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The genus Aptenodytes (from the Ancient Greek a/α 'without' pteno-/πτηνο- "feather" or "wing" and dytes/δυτης "diver")[1] contains two extant species of penguins collectively known as "the great penguins".[citation needed]


Ridgen's penguin (Aptenodytes ridgeni) is an extinct species known from fossil bones of Early or Late Pliocene age.

Combined morphological and molecular data [2] have shown the genus Aptenodytes to be basal to all other living penguins, that is, the genus split off from a branch which led to all other species. DNA evidence suggests this split occurred around 40 million years ago.[3] This had been foreshadowed by an attempt to classify penguins by their behaviour, which also predicted the genus' basal nature.[4]


Two monotypic species extant:[5]

Common and binomial names[5]ImageDescriptionRange
Emperor penguin
(Aptenodytes forsteri)
Emperor Penguin Manchot empereur.jpg
122 cm (4 ft) tall, weighing 22–37 kg (48.5–82 lb), the adult has deep black dorsal feathers, covering the head, chin, throat, back, dorsal part of the flippers, and tail. The underparts of the wings and belly are white, becoming pale yellow in the upper breast, ear patches are bright yellow. The upper mandible is black, and the lower mandible can be pink, orange or lilac. Males and females are similar in size and colouration.Circumpolar distribution in the Antarctic between the 66° and 77° S. It almost always breeds on stable pack ice near the coast and up to 18 km (11 mi) offshore.[6]
King penguin
(Aptenodytes patagonicus)
Penguins Edinburgh Zoo 2004 SMC.jpg
90 cm (3 ft) tall, weighing 11 to 16 kg (24 to 35 lb), The upperparts are steel blue-grey, darkening to black on the head, the belly is white fading to orange on the upper breast with bright orange ear patches. The black bill is long and slender, and curved downwards. The lower mandible bears a striking pink or orange-coloured mandibular plateBreeds on the subantarctic islands between 45° and 55° S at the northern reaches of Antarctica, as well as Tierra del Fuego, the Falkland Islands, and other temperate islands of the region.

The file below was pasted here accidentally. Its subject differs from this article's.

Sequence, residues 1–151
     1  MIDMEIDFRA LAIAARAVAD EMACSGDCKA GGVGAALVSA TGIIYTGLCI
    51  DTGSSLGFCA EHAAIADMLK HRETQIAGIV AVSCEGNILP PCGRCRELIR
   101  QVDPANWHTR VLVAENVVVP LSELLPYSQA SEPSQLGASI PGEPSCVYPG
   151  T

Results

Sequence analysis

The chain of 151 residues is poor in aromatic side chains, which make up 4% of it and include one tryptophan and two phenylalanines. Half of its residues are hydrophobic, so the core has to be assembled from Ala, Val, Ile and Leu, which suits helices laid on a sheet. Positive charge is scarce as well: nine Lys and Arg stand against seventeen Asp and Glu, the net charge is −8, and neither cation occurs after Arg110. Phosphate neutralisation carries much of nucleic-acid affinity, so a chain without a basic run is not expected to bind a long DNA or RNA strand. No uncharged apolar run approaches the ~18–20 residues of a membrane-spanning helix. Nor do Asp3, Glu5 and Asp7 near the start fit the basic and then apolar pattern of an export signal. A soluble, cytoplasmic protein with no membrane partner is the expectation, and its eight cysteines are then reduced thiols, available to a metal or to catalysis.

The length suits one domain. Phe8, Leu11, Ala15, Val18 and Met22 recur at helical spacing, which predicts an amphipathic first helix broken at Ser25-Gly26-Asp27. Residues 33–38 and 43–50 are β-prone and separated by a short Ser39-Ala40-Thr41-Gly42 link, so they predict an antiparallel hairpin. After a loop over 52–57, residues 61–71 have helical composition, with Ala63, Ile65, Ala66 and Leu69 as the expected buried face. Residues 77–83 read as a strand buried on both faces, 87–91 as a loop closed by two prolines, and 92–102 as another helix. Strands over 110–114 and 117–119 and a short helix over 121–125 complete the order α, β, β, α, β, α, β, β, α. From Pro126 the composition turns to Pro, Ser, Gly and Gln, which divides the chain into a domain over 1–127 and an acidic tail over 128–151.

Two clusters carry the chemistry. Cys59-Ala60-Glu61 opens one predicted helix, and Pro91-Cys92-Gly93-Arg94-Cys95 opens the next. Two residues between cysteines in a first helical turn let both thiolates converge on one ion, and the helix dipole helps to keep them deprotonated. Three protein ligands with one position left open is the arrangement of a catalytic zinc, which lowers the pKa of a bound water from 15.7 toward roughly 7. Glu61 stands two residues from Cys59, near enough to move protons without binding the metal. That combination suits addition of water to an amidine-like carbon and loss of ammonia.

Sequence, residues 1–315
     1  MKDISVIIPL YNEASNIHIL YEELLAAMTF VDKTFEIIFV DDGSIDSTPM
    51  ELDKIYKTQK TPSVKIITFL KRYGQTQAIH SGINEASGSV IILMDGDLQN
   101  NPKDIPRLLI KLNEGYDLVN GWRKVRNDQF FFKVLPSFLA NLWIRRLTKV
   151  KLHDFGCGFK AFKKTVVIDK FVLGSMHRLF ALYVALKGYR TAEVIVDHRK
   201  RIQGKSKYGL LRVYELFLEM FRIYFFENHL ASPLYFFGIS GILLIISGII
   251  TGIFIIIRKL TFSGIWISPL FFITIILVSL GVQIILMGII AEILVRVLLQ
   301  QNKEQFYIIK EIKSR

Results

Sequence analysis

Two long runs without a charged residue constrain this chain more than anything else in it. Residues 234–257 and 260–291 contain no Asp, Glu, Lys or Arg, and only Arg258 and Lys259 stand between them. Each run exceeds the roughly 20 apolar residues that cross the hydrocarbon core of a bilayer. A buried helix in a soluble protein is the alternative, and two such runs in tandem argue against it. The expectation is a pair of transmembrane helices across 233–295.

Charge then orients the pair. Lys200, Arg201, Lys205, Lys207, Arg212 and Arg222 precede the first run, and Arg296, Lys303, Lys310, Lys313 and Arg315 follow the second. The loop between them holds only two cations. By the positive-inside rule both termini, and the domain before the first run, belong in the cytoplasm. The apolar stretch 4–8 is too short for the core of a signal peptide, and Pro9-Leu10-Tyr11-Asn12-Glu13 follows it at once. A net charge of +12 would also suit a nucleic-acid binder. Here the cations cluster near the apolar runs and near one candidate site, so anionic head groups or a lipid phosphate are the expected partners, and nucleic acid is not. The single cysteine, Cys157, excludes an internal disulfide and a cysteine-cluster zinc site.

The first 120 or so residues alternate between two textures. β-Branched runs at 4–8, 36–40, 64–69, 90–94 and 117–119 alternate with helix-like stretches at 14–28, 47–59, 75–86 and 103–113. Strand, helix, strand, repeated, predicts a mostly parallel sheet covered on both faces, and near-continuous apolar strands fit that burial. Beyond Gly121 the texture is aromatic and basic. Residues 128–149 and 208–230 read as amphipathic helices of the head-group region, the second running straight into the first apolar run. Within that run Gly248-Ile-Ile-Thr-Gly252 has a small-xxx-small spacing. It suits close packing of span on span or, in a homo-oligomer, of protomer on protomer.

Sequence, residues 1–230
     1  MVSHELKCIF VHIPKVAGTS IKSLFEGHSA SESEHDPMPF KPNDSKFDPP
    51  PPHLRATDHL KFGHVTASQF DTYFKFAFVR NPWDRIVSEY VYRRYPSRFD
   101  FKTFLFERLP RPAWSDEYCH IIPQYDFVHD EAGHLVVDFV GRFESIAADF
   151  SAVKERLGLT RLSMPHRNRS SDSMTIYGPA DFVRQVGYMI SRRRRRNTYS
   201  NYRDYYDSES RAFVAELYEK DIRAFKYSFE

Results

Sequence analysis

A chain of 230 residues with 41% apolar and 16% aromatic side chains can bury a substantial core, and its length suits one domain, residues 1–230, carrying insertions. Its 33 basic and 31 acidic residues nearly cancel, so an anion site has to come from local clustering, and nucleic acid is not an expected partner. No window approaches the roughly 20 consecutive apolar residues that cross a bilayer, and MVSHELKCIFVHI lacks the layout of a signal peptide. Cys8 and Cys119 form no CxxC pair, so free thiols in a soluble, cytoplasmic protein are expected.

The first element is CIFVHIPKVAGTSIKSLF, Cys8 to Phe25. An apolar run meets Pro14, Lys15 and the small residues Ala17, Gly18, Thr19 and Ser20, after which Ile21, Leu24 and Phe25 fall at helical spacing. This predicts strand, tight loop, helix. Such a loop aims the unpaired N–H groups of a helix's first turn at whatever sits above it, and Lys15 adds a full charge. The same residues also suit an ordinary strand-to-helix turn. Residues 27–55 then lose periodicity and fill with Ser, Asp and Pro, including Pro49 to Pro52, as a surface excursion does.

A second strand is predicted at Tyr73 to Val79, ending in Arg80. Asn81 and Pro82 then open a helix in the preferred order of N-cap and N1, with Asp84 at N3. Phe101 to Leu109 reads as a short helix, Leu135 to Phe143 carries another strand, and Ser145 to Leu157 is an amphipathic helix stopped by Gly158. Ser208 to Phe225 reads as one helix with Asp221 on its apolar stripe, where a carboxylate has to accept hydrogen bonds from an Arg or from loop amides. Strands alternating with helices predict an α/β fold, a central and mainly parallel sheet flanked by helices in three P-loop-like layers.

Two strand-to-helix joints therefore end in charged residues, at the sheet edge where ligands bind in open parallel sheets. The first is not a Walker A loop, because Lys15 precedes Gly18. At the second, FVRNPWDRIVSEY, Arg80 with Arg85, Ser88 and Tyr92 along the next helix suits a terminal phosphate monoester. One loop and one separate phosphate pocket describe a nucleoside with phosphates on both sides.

1. ^ Liddell, Henry George and Robert Scott (1980). A Greek-English Lexicon (Abridged Edition). United Kingdom: Oxford University Press. ISBN 0-19-910207-4. 
  2. ^ Ksepka, D. T. B., Sara; Giannini, Norberto P; (2006). "The phylogeny of the living and fossil Sphenisciformes (penguins)". Cladistics 22 (5): 412–441. doi:10.1111/j.1096-0031.2006.00116.x. 
  3. ^ Baker AJ, Pereira SL, Haddrath OP, Edge KA (2006). "Multiple gene evidence for expansion of extant penguins out of Antarctica due to global cooling". Proc Biol Sci. 273 (1582): 11–17. doi:10.1098/rspb.2005.3260. PMC 1560011. PMID 16519228. 
  4. ^ Jouventin P (1982). "Visual and vocal signals in penguins, their evolution and adaptive characters". Adv. Ethol. 24: 1–149. 
  5. ^ a b "Zoological Nomenclature Resource: Ciconiiformes (Version 9.004)". 2008-07-05. 
  6. ^ University of Michigan Museum of Zoology. "Aptenodytes forsteri". Archived from the original on 23 December 2007. Retrieved 2008-01-01. 


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